- Encore: Home (Violator). Okay, now this acoustic interpretation I did not like because the beautiful, textured, haunting score from the original is just so amazing. But, even acoustic, it's hard to deny that it's a beautiful song. Audience participation was pretty cool, as everybody kept singing after Martin had finished.
- Encore: Halo (Violator). The guy sitting next to me was excited they performed this Goldfrapp Remix version over the original... and it was an awesome take on a great Depeche Mode song, so I was happy to hear something old made new... however...
- Encore: Just Can't Get Enough (Speak & Spell). Ah yes. What DM concert would be complete without this track from their very first album? Kind of a tradition now, I think, which is nice thing for Vince Clarke, since he'll keep having the royalty checks coming in! Yes, it's been drug through commercial hell, appearing in advertisements and promotions, but it's still one of my favorite DM songs, and I never get tired of hearing it. There seemed to be a heavier synth vibe this performance, which I really liked... enough that it has me hoping they re-record it one day.
- Encore: I Feel You (Songs of Faith and Devotion). It made me very happy to hear another track off my favorite Depeche Mode album! Again, I was surprised at how much the crowd was into this song. I guess more people than I thought are into Songs of Faith and Devotion but, then again, this is such an incredible song that it would have fans no matter where it came from. Would have been nice if they had drug out my most beloved DM song of all time from that album, Mercy in You, but this was close enough.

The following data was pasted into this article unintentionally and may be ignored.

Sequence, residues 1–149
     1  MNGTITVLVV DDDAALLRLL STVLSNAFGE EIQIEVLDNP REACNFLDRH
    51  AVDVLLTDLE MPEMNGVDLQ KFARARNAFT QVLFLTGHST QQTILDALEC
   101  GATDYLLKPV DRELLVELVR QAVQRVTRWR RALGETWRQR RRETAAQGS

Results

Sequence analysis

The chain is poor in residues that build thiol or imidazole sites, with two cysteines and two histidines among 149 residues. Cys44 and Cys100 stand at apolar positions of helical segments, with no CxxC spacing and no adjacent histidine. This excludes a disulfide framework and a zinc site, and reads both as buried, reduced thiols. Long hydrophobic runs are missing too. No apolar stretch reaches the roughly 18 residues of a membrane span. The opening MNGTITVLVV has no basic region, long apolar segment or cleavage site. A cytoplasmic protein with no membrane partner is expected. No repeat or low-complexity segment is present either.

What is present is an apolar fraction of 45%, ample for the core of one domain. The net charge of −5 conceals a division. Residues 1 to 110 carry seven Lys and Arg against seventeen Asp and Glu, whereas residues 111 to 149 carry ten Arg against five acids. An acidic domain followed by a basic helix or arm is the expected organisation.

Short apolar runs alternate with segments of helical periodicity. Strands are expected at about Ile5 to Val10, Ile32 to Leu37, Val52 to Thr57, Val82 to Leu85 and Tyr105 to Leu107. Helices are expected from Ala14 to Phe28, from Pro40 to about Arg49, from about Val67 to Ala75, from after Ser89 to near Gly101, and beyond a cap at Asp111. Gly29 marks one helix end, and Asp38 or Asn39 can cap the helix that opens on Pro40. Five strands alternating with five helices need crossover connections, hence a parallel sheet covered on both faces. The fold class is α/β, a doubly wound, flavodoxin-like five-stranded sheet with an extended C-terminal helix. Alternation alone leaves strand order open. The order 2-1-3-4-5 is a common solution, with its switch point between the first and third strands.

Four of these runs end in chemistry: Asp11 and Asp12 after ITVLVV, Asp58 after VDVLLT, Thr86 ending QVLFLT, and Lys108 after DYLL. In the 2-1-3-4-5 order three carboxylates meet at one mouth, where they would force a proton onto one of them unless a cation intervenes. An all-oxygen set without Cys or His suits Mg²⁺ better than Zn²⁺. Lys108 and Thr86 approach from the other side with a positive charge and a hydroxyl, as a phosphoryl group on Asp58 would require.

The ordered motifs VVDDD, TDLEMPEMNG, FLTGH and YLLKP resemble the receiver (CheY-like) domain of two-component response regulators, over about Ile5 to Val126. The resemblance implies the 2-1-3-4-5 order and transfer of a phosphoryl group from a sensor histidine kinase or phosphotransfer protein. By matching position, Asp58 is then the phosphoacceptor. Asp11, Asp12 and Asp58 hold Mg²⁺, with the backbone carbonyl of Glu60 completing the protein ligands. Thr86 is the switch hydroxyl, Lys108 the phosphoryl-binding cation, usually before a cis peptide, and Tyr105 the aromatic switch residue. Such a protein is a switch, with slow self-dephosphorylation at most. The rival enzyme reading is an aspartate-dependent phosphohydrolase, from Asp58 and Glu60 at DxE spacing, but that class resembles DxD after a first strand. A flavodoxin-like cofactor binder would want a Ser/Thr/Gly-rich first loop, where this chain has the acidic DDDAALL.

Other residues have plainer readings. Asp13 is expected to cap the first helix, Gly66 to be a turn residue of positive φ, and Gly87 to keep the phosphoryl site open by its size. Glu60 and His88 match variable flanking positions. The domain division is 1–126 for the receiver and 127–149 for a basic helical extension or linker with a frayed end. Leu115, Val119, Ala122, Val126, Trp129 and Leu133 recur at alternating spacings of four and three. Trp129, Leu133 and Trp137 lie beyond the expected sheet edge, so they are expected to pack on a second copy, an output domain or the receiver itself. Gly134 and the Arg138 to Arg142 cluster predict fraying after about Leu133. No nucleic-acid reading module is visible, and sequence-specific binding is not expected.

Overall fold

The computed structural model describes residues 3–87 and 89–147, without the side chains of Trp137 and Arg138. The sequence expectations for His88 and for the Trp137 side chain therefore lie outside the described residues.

- Encore: Never Let Me Down Again (Music for the Masses). I would have a hard time choosing just one song from the brilliant Music for the Masses to play on tour... Stripped? Nothing? Strangelove? Behind the Wheel? I mean, seriously, there's not a misstep on the entire album (probably why their live 101 album which supported it is such a classic). Fortunately, I didn't have to, and Never Let Me Down Again ended up being the perfect choice to close out the show.
Despite my pining away for more of their older material, this was an epic concert. Depeche Mode sound every bit as good now as they did 30 years ago, and remain one of the best live bands I've ever seen (with Matt & Kim being a close second). So long as they keep performing this well, the band is in no danger of losing me as a fan, regardless of where they go with their music.
That being said, can we please go in a slightly different direction on the next album? All these songs about heaven, angels, redemption, addiction, and salvation have really been played out now, and it's time to move on. I really, really don't want to have to suffer through another version of The Child Inside.